The Sinceres – Girl I Love You
Pzazz was a small label out of Hollywood that released a real variety of stuff in the few years it was in business. It was the baby of Paul Gayten who was a music industry veteran having been a force in the 1950s New Orleans R&B scene as a musician, bandleader & talent scout. Gayten moved to California in the early sixties to spearhead Chess’ west-coast A&R before leaving Chess & starting Pzazz in the late sixties. The label really is visually catching with the bright green background & there are a few reasonably sought after funk & soul 45s within it’s fifty odd releases.
The Sinceres started life as an acapella doo-wop group while it’s members were still at high school in Kansas City. By 1968 they were doing the rounds in Vegas picking up lounge gigs as they came. At around this time they moved to LA & cut this 45 for Pzazz, they also decided to change their sound & image. The Sinceres started playing instruments as well as singing, they based their new look & sound on artists such as Hendrix & the Isleys, started upon an ever revolving succession of drummers & changed their name to Bloodstone.
Bloodstone evolved into a pretty handy soul/funk/rock group & in 1971 they relocated to London & started working with producer Mike Vernon (Blue Horizon, Fleetwood Mac etc.). In 1973 the group released the single “Natural High” & the rest is history.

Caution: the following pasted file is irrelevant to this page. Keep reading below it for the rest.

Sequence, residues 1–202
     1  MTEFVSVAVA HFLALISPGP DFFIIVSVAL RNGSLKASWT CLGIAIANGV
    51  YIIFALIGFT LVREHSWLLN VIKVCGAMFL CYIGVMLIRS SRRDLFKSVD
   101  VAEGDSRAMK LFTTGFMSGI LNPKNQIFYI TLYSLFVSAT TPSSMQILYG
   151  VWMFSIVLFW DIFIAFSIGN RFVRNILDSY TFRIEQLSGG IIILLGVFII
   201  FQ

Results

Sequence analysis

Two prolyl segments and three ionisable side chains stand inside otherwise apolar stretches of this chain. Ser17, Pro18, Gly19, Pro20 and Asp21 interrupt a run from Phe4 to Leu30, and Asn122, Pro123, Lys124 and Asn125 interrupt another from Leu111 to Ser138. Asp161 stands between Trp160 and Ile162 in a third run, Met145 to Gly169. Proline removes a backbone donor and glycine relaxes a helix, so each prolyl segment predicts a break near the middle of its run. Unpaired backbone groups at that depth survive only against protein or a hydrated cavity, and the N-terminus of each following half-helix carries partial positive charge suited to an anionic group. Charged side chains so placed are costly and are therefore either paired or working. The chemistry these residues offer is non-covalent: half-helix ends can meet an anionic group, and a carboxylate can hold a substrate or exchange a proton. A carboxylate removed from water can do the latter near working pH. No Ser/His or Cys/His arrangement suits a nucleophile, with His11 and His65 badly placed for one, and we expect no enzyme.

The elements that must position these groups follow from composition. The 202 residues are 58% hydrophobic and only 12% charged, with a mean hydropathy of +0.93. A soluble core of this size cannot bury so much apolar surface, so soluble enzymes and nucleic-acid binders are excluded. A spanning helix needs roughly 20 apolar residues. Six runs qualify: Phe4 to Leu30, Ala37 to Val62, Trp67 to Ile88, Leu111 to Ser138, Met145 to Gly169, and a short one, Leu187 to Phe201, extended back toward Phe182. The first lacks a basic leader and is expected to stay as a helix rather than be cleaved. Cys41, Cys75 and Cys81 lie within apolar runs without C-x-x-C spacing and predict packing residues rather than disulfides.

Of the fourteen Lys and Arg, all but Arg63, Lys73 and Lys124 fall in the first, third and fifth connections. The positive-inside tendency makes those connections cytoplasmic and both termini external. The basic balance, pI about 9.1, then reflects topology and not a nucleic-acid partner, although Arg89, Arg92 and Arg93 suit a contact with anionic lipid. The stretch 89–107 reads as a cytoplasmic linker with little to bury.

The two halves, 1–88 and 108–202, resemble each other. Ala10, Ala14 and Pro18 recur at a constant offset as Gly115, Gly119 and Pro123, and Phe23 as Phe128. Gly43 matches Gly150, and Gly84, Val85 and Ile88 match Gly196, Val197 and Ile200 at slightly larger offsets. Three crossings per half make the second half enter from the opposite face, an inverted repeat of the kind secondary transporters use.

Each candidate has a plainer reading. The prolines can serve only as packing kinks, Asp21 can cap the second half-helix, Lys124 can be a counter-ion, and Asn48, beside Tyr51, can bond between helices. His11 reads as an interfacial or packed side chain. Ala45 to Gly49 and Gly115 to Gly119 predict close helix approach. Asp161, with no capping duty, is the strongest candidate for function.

“Girl I Love You” was originally recorded as the flip side to group member (& soon to be Hendrix-styled guitarist) Willis Draffen’s mid-tempo groover “Don’t Waste My Time”. “Girl” was written by the team of Ellene Levenson & Renee Lee Tener. Levenson had won the BMI Student Composer award in 1963 (may also have co-written “Life Beat” for the Supremes?) & Tener would go on to write with Galt MacDermot in the eighties.
Apparently this 45 is highly regarded by some people in the Northern Soul scene, but for me it’s essentially a great slice of late sixties west coast soul with an interesting background story, enjoy.